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February 19, 1898


Author Affiliations


JAMA. 1898;XXX(8):416-419. doi:10.1001/jama.1898.72440600016002d

In this article I shall not touch upon the uses of alcoholic liquors as remedial agents in disease, but consider them solely in their effects upon alimentation. In so doing free use will be made of the researches and opinions of various writers, whose views differ widely, and an effort will be made to sustain a position removed from either extreme, in the belief that in this, as in most disputed matters, the charge of Apollo to his son Phaethon, on his undertaking to drive the chariot of the Sun, was wise, "In medio tutissimus ibis."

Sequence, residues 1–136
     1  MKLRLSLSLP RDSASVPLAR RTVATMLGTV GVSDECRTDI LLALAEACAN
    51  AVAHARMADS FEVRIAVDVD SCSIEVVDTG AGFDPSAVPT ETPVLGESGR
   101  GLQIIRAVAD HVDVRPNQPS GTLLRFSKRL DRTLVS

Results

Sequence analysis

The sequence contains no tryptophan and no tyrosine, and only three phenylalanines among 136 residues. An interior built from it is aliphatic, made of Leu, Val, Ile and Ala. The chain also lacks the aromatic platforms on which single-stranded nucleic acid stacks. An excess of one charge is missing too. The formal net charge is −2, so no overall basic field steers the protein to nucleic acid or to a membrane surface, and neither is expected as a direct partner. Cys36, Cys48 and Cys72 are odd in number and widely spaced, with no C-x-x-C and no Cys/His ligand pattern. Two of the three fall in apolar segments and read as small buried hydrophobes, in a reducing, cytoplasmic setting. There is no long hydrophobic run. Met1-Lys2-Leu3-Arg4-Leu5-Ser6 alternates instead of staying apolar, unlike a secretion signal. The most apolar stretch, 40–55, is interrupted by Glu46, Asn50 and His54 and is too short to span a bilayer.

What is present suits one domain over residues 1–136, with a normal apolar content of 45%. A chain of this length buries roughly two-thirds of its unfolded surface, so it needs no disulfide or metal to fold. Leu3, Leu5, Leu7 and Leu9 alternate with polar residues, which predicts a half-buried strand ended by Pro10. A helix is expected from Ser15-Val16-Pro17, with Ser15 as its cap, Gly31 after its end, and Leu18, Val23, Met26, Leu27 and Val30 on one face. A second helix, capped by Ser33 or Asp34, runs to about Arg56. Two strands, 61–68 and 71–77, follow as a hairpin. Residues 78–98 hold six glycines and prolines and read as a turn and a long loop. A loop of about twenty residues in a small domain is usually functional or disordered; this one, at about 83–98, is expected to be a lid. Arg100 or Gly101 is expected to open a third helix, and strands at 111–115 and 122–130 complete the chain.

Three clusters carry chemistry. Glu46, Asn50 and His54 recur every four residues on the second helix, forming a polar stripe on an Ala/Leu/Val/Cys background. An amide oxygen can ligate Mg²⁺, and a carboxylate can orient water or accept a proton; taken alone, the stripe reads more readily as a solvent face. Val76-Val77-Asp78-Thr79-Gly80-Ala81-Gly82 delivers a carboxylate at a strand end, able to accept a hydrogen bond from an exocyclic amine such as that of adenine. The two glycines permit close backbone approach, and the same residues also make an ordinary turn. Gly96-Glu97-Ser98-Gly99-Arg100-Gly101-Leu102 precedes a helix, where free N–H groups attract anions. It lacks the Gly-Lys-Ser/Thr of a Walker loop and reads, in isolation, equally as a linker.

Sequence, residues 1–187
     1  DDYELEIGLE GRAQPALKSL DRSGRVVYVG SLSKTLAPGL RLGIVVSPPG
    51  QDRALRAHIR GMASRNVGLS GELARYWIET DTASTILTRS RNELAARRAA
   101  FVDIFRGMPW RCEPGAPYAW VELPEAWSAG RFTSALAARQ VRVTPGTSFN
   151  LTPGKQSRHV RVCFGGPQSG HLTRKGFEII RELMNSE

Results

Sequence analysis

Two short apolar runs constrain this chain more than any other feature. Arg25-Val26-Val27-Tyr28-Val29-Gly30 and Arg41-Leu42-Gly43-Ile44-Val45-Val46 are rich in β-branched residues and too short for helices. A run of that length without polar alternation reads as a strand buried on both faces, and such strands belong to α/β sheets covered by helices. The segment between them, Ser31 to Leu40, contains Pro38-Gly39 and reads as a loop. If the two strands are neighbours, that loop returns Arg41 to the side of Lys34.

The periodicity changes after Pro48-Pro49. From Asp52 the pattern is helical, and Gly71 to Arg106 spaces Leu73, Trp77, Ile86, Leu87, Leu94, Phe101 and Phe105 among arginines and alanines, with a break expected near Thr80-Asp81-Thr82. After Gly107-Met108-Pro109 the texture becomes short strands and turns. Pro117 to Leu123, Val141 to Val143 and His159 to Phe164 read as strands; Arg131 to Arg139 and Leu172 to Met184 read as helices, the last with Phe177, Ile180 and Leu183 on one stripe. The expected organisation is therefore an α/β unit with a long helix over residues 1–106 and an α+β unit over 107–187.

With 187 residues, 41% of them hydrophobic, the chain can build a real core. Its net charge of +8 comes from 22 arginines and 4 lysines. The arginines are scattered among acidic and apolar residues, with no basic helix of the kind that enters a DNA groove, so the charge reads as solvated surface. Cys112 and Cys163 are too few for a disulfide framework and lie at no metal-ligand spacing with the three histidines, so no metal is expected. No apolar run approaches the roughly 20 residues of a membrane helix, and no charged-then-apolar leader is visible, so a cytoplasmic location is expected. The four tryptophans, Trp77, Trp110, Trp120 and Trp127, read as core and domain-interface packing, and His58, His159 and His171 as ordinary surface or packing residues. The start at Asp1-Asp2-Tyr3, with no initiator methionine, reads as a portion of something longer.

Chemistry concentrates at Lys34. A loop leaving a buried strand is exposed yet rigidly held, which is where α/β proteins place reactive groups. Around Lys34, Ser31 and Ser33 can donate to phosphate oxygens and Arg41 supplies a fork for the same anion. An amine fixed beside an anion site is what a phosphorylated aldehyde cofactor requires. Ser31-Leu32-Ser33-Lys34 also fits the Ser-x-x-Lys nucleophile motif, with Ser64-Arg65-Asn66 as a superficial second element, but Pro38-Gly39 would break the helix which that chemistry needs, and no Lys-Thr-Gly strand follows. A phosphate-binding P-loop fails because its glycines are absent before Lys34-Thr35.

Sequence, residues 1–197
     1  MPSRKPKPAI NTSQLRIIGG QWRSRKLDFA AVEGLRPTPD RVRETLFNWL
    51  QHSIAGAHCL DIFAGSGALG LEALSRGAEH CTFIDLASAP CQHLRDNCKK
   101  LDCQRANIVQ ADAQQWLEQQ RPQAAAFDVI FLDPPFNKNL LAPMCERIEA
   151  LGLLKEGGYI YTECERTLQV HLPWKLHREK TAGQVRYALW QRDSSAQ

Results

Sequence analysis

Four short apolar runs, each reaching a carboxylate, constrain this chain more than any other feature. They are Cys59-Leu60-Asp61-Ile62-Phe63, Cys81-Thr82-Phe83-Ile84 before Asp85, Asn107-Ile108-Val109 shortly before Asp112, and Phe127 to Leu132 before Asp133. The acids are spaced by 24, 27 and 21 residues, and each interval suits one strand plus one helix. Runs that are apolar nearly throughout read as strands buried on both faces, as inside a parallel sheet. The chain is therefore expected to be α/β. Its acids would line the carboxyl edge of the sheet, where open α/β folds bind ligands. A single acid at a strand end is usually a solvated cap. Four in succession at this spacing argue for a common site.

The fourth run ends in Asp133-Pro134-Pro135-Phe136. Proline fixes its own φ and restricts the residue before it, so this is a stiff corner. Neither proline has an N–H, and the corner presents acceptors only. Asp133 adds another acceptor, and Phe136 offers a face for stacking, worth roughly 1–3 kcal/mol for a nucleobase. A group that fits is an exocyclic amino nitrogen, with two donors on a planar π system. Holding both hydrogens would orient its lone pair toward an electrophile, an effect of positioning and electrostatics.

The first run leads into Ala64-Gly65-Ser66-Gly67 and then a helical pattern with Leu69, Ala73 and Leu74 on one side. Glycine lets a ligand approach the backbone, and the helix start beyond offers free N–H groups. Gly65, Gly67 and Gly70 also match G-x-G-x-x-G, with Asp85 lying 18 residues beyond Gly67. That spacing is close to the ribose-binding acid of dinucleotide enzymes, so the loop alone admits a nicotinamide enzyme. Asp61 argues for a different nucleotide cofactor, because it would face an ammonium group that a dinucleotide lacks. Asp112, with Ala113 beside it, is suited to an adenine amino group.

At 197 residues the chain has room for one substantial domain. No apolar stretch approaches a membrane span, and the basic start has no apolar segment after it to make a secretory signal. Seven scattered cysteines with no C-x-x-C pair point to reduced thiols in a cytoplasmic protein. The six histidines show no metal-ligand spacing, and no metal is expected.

Liebig, on chemical grounds, regarded alcohol as a respiratory constituent of food, contributing to the production of animal heat by oxydation. Tallemand, Perrin and Duroy, having detected alcohol in the urine, sweat and exhaled breath, concluded that it passes out of the body mostly without chemical change. But Parkes and Count Wollowicz, by means